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Cujo the Fluffinator

April 23, 2012

When I was very young my parents would sometimes take us across the river to visit friends who lived on a hill overlooking the same river our house overlooked.  I liked to go because they had children with whom my brother and I could play, but there was one aspect of the trip that I dreaded: their family dog.

It was a Pekingese dog, a walking fuzzball not much bigger than a loaf of bread.  It is the only dog in my life that I recall being afraid of, but that pipsqueak (or maybe pup-squeak?) of a dog terrified me.

I don’t think I ever heard it bark.  It never rushed at me, jumped on me, or growled at me.  No, it had something that was far scarier to my preschooler mind. It had a severe underbite.

I always thought that because I could see the dog’s teeth, it was snarling at me and just waiting for an opportunity to bite me.  I knew that bite would really hurt.  There might even be blood.  This was obviously a vicious animal.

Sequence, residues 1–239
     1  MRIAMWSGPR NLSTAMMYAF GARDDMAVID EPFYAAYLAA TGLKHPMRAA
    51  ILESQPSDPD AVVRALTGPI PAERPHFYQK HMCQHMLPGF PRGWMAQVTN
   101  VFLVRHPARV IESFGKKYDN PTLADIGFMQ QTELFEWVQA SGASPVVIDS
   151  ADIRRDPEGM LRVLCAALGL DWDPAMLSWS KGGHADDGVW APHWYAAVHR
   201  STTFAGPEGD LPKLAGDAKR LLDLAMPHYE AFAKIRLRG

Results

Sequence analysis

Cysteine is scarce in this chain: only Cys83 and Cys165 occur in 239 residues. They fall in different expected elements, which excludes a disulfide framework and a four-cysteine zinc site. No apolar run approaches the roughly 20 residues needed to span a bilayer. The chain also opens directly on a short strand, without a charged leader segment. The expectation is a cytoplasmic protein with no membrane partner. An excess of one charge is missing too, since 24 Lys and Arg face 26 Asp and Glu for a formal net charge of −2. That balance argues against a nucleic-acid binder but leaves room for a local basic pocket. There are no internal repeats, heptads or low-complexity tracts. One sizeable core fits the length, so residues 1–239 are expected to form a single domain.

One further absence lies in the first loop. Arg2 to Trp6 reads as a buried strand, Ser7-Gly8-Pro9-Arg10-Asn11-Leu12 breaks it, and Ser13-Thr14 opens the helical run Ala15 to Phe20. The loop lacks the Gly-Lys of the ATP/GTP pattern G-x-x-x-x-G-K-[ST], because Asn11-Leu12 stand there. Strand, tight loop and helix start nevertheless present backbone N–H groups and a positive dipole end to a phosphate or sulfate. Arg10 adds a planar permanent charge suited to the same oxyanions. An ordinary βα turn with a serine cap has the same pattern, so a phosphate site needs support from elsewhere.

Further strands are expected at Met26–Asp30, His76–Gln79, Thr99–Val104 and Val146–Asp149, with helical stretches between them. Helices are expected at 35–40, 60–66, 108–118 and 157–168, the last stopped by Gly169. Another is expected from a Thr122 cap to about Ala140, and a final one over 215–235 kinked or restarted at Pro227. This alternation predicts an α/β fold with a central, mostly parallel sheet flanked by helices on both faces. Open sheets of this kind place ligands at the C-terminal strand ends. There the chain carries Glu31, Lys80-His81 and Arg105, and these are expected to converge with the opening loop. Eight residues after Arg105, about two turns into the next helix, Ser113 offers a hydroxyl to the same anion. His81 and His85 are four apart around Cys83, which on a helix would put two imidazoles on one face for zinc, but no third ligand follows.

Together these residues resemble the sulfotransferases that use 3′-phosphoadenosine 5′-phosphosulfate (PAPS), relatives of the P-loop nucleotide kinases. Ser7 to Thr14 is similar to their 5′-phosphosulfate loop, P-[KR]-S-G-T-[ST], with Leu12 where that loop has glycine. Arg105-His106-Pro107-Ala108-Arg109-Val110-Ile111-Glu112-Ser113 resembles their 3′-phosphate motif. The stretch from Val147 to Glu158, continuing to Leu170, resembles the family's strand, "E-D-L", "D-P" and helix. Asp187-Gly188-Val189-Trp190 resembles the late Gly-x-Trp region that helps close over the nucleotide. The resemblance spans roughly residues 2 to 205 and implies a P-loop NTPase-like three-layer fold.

The vicious animal probably always wondered why I wouldn’t pet it.  After all, everyone else thought it was adorable.

The reality was that I was too immature to rightly judge the dog’s actions toward me.  I assumed that its appearance indicated its intent towards me (eating my face).  All the dog had to to was look at me and I felt threatened.

But that dog couldn’t help how it looked.  It was born with a protruding lower jaw.   It wasn’t trying to threaten me.  Like most dogs, it probably just wanted to be scratched behind the ears and hoped I had a treat in my pocket.

 

I have to wonder how many of life’s threatening situations are the result of an area of immaturity meeting the equivalent of a toy breed lapdog with a severe underbite.

 

 

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